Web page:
Napoleon Solo slunk through the door at DelFloria's, his body sore and bruised from his narrow escape the previous evening. The bell above the door tinkled cheerfully as he entered; he winced at the sound. His empty stomach roiled ominously, and his head felt as though someone had set up a mining operation inside his cranium -- lingering effects of the knockout drug Angelique had slipped into his post-coital brandy. He removed his dark glasses, and groaned. Why did it have to be morning? And sunny?
“Buon giorno, Mr Solo.”
He waved half-heartedly to Giovanni, and groped his way toward the changing booth, drawing a curious stare from the canny old man.
He smiled weakly. “You could say that.” He closed the curtain before he was forced to answer more questions. A turn of the coat hook, and the reinforced steel doors to UNCLE's New York Headquarters slid open.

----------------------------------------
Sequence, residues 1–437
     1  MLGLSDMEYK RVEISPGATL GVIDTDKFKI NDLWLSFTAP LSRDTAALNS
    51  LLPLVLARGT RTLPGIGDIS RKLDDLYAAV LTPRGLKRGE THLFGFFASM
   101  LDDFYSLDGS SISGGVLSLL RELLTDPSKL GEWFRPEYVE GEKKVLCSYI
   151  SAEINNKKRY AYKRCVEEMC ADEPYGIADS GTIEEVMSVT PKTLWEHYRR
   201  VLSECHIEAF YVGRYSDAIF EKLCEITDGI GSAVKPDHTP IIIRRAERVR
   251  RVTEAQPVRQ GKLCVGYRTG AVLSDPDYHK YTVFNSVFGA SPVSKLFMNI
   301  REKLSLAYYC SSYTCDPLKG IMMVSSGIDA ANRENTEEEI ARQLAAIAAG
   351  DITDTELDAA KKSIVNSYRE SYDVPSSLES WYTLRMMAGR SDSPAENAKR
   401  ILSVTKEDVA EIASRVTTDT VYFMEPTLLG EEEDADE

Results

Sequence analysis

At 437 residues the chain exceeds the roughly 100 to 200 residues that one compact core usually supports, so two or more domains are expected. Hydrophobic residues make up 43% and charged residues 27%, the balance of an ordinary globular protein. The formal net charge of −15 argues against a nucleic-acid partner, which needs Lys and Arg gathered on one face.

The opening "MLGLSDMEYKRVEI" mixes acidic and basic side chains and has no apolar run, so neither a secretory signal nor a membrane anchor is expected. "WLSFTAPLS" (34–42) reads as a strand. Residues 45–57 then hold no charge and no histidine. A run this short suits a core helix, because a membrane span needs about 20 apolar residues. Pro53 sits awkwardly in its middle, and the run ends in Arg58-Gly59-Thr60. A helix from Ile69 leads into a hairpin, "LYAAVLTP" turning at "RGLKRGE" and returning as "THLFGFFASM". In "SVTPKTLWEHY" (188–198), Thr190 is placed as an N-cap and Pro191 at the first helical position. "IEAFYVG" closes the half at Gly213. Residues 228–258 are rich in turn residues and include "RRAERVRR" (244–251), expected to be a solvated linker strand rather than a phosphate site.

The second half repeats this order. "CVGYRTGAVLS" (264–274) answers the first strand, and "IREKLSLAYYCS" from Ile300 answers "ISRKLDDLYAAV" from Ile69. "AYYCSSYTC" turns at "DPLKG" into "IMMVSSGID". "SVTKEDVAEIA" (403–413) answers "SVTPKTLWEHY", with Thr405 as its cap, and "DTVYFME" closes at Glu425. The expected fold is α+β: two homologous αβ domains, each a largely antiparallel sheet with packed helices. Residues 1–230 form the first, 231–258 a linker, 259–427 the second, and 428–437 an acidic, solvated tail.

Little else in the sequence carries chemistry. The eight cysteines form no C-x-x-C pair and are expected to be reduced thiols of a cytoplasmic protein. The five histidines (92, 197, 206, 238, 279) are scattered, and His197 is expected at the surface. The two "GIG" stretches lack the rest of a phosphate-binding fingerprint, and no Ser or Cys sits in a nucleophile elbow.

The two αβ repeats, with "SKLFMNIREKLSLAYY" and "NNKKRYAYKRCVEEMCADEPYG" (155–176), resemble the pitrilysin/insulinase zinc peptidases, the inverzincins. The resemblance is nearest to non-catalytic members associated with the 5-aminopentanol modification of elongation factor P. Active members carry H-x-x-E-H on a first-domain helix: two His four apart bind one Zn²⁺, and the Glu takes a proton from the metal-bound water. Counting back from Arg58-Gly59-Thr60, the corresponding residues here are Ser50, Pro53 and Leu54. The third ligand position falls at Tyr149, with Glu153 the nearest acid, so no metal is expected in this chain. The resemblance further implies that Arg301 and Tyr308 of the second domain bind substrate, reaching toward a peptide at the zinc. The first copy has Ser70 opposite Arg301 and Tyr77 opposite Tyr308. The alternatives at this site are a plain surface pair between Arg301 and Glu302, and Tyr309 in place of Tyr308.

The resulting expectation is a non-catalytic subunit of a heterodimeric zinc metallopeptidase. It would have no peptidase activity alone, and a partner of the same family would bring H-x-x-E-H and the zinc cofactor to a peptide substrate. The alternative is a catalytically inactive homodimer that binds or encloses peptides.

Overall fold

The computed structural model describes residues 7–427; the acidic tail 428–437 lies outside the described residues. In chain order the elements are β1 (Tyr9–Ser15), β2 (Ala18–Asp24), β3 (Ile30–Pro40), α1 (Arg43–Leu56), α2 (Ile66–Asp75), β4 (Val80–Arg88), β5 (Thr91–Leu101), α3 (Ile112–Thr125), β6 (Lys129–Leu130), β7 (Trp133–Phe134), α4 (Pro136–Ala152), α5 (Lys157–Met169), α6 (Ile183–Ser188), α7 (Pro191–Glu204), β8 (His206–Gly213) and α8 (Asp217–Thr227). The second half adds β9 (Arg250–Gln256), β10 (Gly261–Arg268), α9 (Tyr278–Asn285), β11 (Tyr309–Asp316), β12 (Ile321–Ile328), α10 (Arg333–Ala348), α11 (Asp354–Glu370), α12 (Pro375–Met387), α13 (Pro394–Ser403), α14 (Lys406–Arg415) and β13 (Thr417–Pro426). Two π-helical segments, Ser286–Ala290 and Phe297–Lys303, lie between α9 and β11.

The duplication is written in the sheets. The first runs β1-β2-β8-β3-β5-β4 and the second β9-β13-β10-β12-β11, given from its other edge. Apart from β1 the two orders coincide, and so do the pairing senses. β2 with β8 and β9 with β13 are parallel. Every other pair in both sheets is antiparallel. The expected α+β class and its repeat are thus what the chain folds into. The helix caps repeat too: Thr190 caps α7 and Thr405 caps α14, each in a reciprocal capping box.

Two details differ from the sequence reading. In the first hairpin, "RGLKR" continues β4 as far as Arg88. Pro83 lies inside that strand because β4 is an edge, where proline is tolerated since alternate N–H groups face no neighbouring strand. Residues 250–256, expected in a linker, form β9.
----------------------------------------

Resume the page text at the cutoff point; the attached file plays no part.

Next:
Goodness, Mr. Solo!” the receptionist exclaimed as she selected a yellow badge from the display on her desk. “You look like something the cat dragged in!”
“I don't think even the cat wants me this morning,” Napoleon replied, accepting his badge from the buxom redhead. He shook his head to emphasize the point, and his eyeballs exploded in pain. “Oh, Christ. Got any aspirin, Ginger?”
“Just a sec.” She rummaged through her drawers, and came up with a bottle of what, to Napoleon, looked like the Holy Grail. She shook two tablets into her palm. “Here you go, you poor thing.”
He dry-swallowed the aspirin, grimacing at the chalky, acrid taste, and waited for the pain to subside.
“Gosh, Napoleon, I don't think I've ever seen you look quite so bedraggled,” Ginger observed with wry amusement. “Must've been some night.”
He shrugged. “Must 've been.”
“Mr. Waverly has been asking for you. Something about the Partridges setting up shop in Northwestern Canada.”
“Oh, and a package was delivered for you a little while ago. I sent it up to your office.”